After a few minutes of searching through the wildly disordered room, he found the ship’s log--or its remains. Many pages had been torn from the book, and the remainder, soaked with blood, formed a stiff black mass.
Only one legible entry did he find, that on a page torn from the book, which somehow had escaped destruction. Dated five months before, it gave the position of the vessel and her bearings--she was then just outside Jupiter’s orbit, Earthward bound--and concluded with a remark of sinister implications:
“Another man gone this morning. Simms, assistant technician. A fine workman. O’Deen swears he heard something moving on the deck. Cook thinks some of the doctor’s stuffed monstrosities have come to life. Ridiculous, of course. But what is one to think?”
Pondering the significance of those few lines, Thad climbed back to the deck. Was the ship haunted by some weird death, that had seized the crew man by man, mysteriously? That was the obvious implication. And if the flier had been still outside Jupiter’s orbit when those words were written, it must have been weeks before the end. A lurking, invisible death! The scream he had heard...
He descended into the forecastle, and came upon another such silent record of frightful carnage as he had found in the captain’s cabin. Dried blood, scraps of cloth, knives and other weapons. A fearful question was beginning to obsess him. What had become of the bodies of those who must have died in these conflicts? He dared not think the answer.
Gripping the welding arc, Thad approached the after hatch, giving to the cargo hold. Trepidation almost overpowered him, but he was determined to find the sinister menace of the ship, before it found him. The dog whimpered, hung back, and finally deserted him, contributing nothing to his peace of mind.
The hold proved to be dark. An indefinite black space, oppressive with the terrible silence of the flier. The air within it bore still more strongly the unpleasant fetor.
Thad hesitated on the steps. The hold was not inviting. But at the thought that he must sleep, unguarded, while taking the flier to Mars, his resolution returned. The uncertainty, the constant fear, would be unendurable.
He climbed on down, feeling for the light button. He found it, as his feet touched the floor. Blue light flooded the hold.
It was filled with monstrous things, colossal creatures, such as nothing that ever lived upon the Earth; like nothing known in the jungles of Venus or the deserts of Mars, or anything that has been found upon Jupiter’s moons.
They were monsters remotely resembling insects or crustaceans, but as large as horses or elephants; creatures upreared upon strange limbs, armed with hideously fanged jaws, cruel talons, frightful, saw-toothed snouts, and glittering scales, red and yellow and green. They leered at him with phosphorescent eyes, yellow and purple.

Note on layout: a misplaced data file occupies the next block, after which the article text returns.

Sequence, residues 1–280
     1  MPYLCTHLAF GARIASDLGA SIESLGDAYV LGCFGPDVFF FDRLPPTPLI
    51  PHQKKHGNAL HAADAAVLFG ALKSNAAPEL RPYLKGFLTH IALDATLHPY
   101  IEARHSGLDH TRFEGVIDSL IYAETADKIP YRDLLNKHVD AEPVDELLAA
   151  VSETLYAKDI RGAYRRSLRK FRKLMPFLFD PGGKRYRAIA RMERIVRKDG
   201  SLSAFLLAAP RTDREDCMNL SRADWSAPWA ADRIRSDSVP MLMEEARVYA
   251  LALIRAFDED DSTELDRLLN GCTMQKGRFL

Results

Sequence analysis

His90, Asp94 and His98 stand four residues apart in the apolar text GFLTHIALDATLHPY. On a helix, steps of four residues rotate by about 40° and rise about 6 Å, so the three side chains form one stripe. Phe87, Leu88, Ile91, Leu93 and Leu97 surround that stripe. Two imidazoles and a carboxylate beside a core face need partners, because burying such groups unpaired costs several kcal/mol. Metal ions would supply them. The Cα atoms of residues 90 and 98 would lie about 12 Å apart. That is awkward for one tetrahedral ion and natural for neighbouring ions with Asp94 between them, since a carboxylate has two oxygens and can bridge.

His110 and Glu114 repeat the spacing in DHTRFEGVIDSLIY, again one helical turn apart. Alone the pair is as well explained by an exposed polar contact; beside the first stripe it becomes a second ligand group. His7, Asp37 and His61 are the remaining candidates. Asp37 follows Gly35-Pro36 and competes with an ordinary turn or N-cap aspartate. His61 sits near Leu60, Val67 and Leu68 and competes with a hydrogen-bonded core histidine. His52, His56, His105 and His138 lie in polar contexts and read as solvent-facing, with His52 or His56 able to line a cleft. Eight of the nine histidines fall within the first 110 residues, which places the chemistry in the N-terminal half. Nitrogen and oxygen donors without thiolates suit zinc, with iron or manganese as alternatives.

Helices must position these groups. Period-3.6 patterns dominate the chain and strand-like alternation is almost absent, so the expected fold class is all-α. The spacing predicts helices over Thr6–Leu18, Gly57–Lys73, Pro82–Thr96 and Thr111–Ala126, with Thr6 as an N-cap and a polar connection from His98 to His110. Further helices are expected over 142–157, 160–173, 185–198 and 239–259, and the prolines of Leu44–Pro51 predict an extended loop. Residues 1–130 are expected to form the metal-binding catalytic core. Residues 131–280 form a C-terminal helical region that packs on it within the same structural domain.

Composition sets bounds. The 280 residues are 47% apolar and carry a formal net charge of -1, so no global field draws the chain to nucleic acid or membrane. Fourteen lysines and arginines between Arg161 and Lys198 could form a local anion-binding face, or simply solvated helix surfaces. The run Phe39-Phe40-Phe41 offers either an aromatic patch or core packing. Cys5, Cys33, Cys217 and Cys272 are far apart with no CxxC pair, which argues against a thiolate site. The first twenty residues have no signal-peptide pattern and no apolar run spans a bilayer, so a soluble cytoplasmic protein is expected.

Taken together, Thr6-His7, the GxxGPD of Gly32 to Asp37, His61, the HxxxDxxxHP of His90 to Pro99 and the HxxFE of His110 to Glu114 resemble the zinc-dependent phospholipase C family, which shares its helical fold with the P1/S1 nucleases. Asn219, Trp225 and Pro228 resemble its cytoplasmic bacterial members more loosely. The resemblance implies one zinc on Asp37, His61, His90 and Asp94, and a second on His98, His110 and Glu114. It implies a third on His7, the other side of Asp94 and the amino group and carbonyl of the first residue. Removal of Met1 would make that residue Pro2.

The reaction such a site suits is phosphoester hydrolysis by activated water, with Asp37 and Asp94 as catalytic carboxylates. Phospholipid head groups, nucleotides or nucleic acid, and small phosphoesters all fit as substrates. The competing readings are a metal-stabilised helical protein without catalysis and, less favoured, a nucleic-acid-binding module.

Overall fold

They cast grotesquely gigantic shadows in the blue light...
A cold shock of horror started along Thad’s spine, at sight of those incredible nightmare things. Automatically be flung up the welding tool, flicking over the lever with his thumb, so that violet electric flame played about the electrode.
Then he saw that the crowding, hideous things were motionless, that they stood upon wooden pedestals, that many of them were supported upon metal bars. They were dead. Mounted. Collected specimens of some alien life.
Grinning wanly, and conscious of a weakness in the knees, he muttered: “They sure will fill the museum, if everybody gets the kick out of them that I did. A little too realistic, I’d say. Guess these are the ‘stuffed monstrosities’ mentioned in the page out of the log. No wonder the cook was afraid of them. Some of then do look hellishly alive!”
He started across the hold, shrinking involuntarily from the armored enormities that seemed crouched to spring at him, motionless eyes staring.
So, at the end of the long space, he found the treasure.
Glittering in the blue light, it looked unreal. Incredible. A dazzling dream. He stopped among the fearful things that seemed gathered as if to guard it, and stared with wide eyes through the opened face-plate of his helmet.
He saw neat stacks of gold ingots, new, freshly smelted; bars of silver-white iridium, of argent platinum, of blue-white osmium. Many of them. Thousands of pounds, Thad knew. He trembled at thought of their value. Almost beyond calculation.
Then he saw the coffer, lying beyond the piled, gleaming ingots--a huge box, eight feet long; made of some crystal that glittered with snowy whiteness, filled with sparkling, iridescent gleams, and inlaid with strange designs, apparently in vermilion enamel.
With a little cry, he ran toward the chest, moving awkwardly in the loose, deflated fabric of the Osprey suit.
Beside the coffer, on the floor of the hold, was literally a mountain of flame--blazing gems, heaped as if they had been carelessly dumped from it; cut diamonds, incredibly gigantic; monster emeralds, sapphires, rubies; and strange stones, that Thad did not recognize.
And Thad gasped with horror, when he looked at the designs of the vermilion inlay, in the white, gleaming crystal. Weird forms. Shapes of creatures somewhat like gigantic spiders, and more unlike them. Demoniac things, wickedly fanged, jaws slavering. Executed with masterly skill, that made them seem living, menacing, secretly gloating!
Thad stared at them for long minutes, fascinated almost hypnotically. Three times he approached the chest, to lift the lid and find what it held. And three times the unutterable horror of those crimson images thrust him back, shuddering.